Information resources

Techniques and Methods 15-C9
By:
Edited by: J. Christian FransonMilton FriendSamantha E.J. Gibbs, and Margaret A. Wild

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Abstract

During recent decades, natural resources agency personnel and others involved with the management and stewardship of wildlife have experienced an increasing need to access information and obtain technical assistance for addressing a diverse array of wildlife disease issues. This Chapter provides a broad overview of selected sources for obtaining supplemental information and technical assistance for addressing wildlife disease issues in North America. Specifically, examples of existing major wildlife disease programs focusing on free-ranging wildlife populations are highlighted; training opportunities for enhancing within-agency wildlife disease response are identified; a selected reading list of wildlife disease references is provided; and selected Web sites providing timely information on wildlife disease are highlighted. No attempt is made to detail all the North American programs and capabilities that address disease in free-ranging wildlife populations. Instead, this Chapter is focused on enhancing awareness of the types of capabilities that exist as potential sources for assistance and collaboration between wildlife conservation agency personnel and others in addressing wildlife disease issues.

A wide variety of entities across North America are involved in wildlife disease investigations; however, the formal assembly of multidimensional programs that primarily address disease for the benefit of free-ranging wildlife is rather limited. The Southeastern Cooperative Wildlife Disease Study (SCWDS), the National Wildlife Health Center (NWHC), and the Canadian Wildlife Health Cooperative (CWHC) are selected examples. These programs are highlighted because of the scope of their capabilities and long-term involvement in assisting State and Federal natural resource agencies combat wildlife disease. A variety of other sources for possible assistance in addressing wildlife disease issues exists throughout North America and globally. It is prudent for wildlife conservation field biologists, managers, and administrators to be aware of such local resources. Ideally, awareness and knowledge of the types of assistance those programs can provide should be obtained prior to disease crisis events since appropriate, timely intervention often is required to minimize wildlife losses from disease and prevent the establishment of new infectious diseases within wildlife populations and geographic areas. Increasing recognition of the substantial number of infectious diseases being transferred between wildlife, domestic animals, and humans has led to increased collaborative investigations between wildlife, domestic, and human health programs. That collaboration has led to a heightened focus on wildlife disease within some public health and agriculture agencies. For purposes of this Chapter, wildlife disease is narrowly defined as those diseases (infectious and noninfectious) causing morbidity and mortality in free-ranging wildlife populations. Therefore, there is no focus on the numerous fish disease or environmental contaminant programs that exist on behalf of North American fauna.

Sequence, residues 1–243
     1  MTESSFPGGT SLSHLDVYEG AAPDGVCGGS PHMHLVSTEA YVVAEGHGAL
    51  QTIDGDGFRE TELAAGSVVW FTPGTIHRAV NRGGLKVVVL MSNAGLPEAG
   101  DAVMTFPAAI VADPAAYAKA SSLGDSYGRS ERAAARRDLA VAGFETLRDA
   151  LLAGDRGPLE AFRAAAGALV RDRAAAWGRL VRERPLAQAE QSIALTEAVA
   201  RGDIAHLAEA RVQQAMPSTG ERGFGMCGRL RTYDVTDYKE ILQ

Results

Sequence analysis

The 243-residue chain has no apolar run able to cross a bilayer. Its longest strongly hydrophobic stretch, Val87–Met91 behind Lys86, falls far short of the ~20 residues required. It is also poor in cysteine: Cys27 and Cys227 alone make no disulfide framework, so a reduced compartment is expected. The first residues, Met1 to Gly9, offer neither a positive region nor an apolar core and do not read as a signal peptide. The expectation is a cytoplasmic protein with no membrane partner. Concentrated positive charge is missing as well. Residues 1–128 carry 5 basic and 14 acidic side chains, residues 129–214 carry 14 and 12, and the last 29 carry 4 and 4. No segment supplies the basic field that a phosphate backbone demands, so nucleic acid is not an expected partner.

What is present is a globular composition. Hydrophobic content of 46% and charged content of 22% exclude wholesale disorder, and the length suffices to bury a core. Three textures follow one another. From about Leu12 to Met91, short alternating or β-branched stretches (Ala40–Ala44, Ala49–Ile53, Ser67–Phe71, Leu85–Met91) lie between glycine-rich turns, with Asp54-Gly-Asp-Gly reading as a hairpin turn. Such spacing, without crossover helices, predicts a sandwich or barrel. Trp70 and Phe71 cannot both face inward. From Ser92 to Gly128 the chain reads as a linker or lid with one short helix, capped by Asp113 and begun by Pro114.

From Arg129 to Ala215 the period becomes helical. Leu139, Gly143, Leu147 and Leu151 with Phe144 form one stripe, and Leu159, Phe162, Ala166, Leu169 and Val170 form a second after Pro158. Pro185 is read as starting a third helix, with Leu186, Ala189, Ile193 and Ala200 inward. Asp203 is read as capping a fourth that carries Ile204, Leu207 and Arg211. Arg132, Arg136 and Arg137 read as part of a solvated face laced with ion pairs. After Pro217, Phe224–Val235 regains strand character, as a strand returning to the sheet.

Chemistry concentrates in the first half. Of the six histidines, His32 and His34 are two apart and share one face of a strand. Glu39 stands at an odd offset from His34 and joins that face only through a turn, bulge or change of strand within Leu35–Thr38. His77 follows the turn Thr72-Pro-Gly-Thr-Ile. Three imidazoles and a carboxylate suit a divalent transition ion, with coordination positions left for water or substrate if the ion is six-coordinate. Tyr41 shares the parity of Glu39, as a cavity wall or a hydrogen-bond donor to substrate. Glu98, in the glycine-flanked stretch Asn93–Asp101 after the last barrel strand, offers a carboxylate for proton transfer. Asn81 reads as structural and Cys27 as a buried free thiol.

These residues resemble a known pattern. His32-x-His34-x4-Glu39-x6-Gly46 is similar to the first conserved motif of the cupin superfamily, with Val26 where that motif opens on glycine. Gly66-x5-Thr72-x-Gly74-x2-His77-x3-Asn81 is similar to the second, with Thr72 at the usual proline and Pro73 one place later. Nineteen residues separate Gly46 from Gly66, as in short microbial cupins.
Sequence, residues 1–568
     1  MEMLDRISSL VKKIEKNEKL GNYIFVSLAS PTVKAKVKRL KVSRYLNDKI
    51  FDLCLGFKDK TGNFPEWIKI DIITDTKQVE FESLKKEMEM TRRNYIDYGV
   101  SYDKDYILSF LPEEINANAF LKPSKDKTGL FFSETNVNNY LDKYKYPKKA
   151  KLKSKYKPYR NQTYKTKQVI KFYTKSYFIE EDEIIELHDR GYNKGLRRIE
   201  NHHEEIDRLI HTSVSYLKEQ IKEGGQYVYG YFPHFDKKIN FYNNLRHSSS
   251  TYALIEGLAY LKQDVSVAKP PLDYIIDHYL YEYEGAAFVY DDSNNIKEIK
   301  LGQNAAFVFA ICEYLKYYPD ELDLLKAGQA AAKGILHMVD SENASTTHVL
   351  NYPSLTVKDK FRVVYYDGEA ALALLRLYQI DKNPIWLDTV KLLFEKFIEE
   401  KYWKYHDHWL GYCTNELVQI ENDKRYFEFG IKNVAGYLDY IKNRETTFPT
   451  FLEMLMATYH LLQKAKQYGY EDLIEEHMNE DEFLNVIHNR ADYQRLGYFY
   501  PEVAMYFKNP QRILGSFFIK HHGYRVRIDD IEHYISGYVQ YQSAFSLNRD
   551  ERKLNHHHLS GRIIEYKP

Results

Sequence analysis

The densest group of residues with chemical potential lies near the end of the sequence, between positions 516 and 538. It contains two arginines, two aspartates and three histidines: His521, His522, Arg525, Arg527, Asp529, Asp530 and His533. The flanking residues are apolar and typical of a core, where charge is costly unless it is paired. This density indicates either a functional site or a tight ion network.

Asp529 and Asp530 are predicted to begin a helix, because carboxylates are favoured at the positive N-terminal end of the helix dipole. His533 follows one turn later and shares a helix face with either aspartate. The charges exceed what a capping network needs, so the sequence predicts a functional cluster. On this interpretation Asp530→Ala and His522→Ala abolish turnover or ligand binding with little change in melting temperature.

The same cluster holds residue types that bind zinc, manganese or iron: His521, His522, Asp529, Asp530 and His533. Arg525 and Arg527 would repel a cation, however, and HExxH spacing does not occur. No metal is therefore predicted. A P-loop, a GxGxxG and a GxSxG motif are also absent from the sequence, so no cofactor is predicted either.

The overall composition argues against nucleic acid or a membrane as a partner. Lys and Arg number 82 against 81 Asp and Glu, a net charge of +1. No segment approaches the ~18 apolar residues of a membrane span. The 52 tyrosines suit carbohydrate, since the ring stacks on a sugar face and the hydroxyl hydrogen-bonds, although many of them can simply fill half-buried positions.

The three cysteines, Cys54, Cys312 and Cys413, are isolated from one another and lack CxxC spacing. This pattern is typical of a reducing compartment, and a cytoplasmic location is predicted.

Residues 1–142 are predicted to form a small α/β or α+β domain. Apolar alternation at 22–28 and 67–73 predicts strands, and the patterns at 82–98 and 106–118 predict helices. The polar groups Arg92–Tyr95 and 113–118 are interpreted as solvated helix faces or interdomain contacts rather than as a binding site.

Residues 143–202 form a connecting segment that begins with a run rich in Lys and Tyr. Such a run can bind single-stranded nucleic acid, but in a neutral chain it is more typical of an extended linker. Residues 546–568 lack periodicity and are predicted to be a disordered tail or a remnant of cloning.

Suggested Citation

Friend, M., 2015, Information resources, in Franson, J.C., Friend, M., Gibbs, S.E.J., and Wild, M.A., eds. Field manual of wildlife diseases: U.S. Geological Survey Techniques and Methods, 15–C9, 23 p., http://dx.doi.org/10.3133/tm15c9.

ISSN: 2328-7055 (online)

Table of Contents

  • Introduction
  • Federal Wildlife Disease Programs within the U.S. Department of the Interior
  • Wildlife Disease Programs in Other Federal Departments
  • Regional Wildlife Disease Programs
  • State Natural Resource Agency Wildlife Disease Programs
  • University Based Wildlife Disease Programs
  • Other Programs
  • Wildlife Disease Information
  • References Cited

Additional publication details

Publication type Report
Publication Subtype USGS Numbered Series
Title Information resources
Series title Techniques and Methods
Series number 15-C9
DOI 10.3133/tm15C9
Year Published 2015
Language English
Publisher U.S. Geological Survey
Publisher location Reston, VA
Contributing office(s) National Wildlife Health Center
Description v, 24 p.
Larger Work Type Report
Larger Work Subtype USGS Numbered Series
Larger Work Title Section C: Techniques in disease surveillance and investigation in Book 15: Field Manual of Wildlife Diseases
Public Comments This report is Chapter 9 of Section C: Techniques in disease surveillance and investigation in Book 15: Field Manual of Wildlife Diseases
Online Only (Y/N) Y
Additional Online Files (Y/N) N
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